• Who have a significant ownership interest in the startup (at least 15 percent) and have an active and central role to its operations;
  • Whose startup was formed in the United States within the past three years; and
  • Whose startup has substantial and demonstrated potential for rapid business growth and job creation, as evidenced by:

–      Receiving significant investment of capital (at least $345,000) from certain qualified U.S. investors with established records of successful investments;

–      Receiving significant awards or grants (at least $100,000) from certain federal, state, or local government entities; or

–      Partially satisfying one or both of the above criteria in addition to other reliable and compelling evidence of the startup entity’s substantial potential for rapid growth and job creation.

Under the proposed rule, entrepreneurs may be granted an initial stay of up to two years to oversee and grow their startup entities in the United States. A subsequent request for re-parole (for up to three additional years) would be considered if the entrepreneur and the startup entity continue to provide a significant public benefit as evidenced by substantial increases in capital investment, revenue, or job creation.

The U.S. Alliance for International Entrepreneurs (USAIE) has written the attached summary (usaie-comments-on-proposed-immigrant-entrepreneur-rule-1 ) and initial analysis of the proposed rule.  It is also on the USAIE website at http://usaie.org/uscis-proposes-international-entrepreneur-rule-usaie-summary/.

I am a founding member of USAIE, and helped draft the summary and analysis.  Please forward to interested international entrepreneurs.

USAIE will draft a model comment on the proposed rule.  Please let me know if you or anyone else at Cornell would like to receive that model comment to help you submit your own comments on the rule.

Thanks, Steve

Team, Team, Team

You all likely know that most VCs consider the management team to be the top measure of potential success of the venture.  This post is not about that point, at least not directly.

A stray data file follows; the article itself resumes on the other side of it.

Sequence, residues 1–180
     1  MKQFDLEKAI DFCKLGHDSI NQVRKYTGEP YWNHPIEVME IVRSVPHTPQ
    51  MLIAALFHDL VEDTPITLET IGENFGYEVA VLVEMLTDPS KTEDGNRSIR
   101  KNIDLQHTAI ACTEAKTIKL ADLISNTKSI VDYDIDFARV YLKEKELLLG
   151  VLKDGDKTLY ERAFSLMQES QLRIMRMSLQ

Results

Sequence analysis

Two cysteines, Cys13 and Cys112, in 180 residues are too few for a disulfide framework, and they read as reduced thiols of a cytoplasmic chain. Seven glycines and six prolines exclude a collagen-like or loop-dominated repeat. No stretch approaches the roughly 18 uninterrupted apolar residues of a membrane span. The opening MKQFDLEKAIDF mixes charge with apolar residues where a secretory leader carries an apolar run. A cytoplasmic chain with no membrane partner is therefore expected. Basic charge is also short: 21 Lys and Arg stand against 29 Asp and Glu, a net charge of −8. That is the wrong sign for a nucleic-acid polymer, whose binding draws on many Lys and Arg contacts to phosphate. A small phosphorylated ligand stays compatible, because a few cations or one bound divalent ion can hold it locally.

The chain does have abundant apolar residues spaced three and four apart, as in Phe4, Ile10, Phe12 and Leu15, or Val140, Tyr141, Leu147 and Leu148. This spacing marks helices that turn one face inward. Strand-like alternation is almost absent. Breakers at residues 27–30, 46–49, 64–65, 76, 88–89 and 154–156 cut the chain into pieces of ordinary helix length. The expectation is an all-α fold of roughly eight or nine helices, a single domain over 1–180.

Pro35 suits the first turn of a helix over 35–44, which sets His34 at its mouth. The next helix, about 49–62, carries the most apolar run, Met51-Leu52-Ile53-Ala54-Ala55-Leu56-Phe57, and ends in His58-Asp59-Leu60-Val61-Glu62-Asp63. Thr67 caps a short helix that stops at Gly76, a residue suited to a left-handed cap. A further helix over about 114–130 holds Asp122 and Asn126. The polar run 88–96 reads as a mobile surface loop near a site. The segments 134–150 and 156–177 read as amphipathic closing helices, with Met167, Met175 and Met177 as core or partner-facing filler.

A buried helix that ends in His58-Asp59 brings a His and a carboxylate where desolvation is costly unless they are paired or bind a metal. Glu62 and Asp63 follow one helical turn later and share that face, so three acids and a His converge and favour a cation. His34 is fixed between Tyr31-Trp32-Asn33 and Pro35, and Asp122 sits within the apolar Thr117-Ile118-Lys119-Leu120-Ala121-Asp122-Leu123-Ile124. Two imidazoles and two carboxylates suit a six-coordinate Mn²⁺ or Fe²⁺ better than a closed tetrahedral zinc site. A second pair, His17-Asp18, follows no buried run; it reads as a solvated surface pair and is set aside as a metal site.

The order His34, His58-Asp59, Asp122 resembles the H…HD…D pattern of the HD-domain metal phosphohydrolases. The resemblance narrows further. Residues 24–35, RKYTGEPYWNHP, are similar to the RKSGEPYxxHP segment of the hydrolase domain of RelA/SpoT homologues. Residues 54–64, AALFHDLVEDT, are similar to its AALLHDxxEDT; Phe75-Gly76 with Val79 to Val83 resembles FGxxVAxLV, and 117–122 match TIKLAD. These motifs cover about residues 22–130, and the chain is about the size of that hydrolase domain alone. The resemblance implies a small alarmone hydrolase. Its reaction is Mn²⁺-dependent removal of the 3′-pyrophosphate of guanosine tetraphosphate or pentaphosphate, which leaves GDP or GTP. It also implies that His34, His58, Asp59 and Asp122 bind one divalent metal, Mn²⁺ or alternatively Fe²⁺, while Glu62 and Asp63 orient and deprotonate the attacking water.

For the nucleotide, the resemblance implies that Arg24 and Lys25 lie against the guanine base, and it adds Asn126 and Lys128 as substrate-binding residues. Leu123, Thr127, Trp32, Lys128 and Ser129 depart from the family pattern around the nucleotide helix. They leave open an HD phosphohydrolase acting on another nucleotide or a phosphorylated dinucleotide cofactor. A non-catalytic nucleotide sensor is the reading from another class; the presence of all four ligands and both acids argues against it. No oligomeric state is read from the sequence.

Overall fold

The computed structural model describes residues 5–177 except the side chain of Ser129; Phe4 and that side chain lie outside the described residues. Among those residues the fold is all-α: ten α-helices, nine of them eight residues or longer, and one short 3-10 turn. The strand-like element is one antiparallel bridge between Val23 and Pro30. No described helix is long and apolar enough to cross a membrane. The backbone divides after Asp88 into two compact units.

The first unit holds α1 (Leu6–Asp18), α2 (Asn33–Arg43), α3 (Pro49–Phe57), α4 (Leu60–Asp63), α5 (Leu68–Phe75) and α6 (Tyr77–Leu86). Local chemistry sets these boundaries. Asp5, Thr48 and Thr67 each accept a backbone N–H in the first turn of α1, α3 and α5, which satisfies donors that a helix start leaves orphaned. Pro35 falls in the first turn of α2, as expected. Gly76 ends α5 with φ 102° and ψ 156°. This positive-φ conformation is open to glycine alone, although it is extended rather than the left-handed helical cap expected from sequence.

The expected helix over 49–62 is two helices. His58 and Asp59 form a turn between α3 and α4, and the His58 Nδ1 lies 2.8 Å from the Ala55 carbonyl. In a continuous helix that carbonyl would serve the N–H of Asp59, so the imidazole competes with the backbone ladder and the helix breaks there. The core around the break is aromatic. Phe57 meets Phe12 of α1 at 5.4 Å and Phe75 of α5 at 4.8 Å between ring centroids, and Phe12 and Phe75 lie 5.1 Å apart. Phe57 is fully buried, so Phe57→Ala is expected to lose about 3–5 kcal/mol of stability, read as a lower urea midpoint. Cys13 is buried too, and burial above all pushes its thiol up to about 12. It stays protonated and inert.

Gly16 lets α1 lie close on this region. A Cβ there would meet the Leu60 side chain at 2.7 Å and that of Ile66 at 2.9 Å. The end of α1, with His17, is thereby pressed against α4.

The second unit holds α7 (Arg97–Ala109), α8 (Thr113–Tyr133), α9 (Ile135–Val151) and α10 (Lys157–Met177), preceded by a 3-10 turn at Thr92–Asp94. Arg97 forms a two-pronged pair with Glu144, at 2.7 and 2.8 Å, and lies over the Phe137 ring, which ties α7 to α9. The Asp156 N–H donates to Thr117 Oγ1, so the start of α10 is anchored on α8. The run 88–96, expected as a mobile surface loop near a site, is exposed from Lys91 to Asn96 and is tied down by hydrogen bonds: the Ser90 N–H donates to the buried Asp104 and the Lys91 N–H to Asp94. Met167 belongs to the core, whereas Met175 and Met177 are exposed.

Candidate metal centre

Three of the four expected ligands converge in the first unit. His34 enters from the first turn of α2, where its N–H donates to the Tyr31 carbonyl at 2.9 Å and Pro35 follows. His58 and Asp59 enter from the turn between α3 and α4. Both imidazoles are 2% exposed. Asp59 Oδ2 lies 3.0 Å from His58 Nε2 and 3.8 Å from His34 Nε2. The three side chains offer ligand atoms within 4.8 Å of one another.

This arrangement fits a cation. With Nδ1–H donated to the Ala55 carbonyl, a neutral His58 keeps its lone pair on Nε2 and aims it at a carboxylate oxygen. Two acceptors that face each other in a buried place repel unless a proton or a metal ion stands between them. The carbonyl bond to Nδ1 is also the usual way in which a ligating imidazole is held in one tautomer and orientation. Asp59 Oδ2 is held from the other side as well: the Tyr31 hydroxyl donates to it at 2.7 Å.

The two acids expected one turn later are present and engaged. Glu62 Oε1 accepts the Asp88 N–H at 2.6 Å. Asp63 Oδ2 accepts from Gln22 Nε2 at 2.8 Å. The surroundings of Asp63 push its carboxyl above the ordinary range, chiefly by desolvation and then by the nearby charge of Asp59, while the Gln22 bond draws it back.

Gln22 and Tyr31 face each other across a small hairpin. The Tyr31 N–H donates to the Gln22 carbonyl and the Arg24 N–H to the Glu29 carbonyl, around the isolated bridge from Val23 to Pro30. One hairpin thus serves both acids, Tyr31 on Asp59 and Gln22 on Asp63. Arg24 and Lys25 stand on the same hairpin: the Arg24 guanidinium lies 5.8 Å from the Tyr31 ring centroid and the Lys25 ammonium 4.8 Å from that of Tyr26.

I want to instead focus on the importance of the entire team (not just management) and the importance of making sure that the team can play together.   I am going to use my past weekend’s soccer experience as an analogy.

I organized and played on an Over 40 soccer team this past weekend in a small tournament in Ithaca.   There was no Over 50 bracket or I would have played in that!   So, there were 4 total teams in the Over 40 bracket.  Two teams from Ithaca (one of which was mine) and then one team from Vermont and one from Binghamton.  You are going to have to trust me that no matter how in good shape you might be, playing 4 soccer games in one weekend when you are over 40 means that you can barely walk come Monday.  Advil turns into candy.

When organizing the team, I managed to get this one guy who is an exceptional player – better than anyone else on the team.   I will call him Jim for purposes of this post.  On Saturday, we tied both of our games (against Vermont and Binghamton).  The catch was that Jim could not play on Sunday.  I knew this going in.  And to make things even more interesting, Vermont outplayed us and we literally tied the score on a questionable call that resulted in us getting a penalty kick, which Jim converted.   Time ran out and we tied 2-2.  Vermont team was pissed, but that is soccer.   We knew that the top 2 teams in the group would play for the championship Sunday afternoon.

Well, you guessed it…..the top 2 teams were mine and Vermont.  Vermont wanted revenge, clearly.  We were without Jim.  I was a bit concerned.  But we ended up playing exceptionally well – better without Jim!  We won 2-0.  It was kind of unbelievable.

Relating back to startups – it is not good to rely on one person.  Not the CEO, not the head of engineering, not the head of sales.  You get the point.  Playing together as a team is the path to the best results.  CEOs who don’t realize this will often get fired or just fail.  I think one of the primary roles of the CEO is to make sure that the team dynamics are as good as possible and get the entire company pulling in the same direction.  This is not to say that there cannot be stars on the team, but it is WAY better if the stars end up rotating around.  The larger the group of people that feel like they contributed to a win, the better off the company will perform.  And the successes will keep coming.